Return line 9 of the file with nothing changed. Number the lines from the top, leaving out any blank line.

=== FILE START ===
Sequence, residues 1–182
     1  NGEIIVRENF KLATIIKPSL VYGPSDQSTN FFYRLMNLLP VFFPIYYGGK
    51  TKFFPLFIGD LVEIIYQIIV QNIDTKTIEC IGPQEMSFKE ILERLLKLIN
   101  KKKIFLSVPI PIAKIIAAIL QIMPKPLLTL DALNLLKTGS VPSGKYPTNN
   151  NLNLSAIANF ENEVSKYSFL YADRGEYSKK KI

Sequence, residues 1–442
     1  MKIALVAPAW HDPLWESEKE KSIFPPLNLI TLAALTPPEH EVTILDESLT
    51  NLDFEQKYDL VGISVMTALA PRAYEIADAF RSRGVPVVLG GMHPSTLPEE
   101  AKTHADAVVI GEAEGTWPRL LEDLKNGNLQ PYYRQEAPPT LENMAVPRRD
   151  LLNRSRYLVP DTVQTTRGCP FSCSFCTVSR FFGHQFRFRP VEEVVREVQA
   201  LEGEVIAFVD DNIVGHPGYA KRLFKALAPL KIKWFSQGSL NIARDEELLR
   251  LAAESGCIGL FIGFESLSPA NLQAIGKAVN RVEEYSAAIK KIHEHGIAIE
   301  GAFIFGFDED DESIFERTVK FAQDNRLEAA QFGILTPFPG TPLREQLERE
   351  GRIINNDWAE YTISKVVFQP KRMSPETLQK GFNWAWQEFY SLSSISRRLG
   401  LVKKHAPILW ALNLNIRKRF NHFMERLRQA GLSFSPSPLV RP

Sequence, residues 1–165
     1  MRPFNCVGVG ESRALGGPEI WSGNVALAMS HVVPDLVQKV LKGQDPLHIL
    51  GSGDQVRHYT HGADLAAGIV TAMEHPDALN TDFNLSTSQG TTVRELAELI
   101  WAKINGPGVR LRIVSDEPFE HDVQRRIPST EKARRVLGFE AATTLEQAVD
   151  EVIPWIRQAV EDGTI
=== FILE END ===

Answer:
   101  AKTHADAVVI GEAEGTWPRL LEDLKNGNLQ PYYRQEAPPT LENMAVPRRD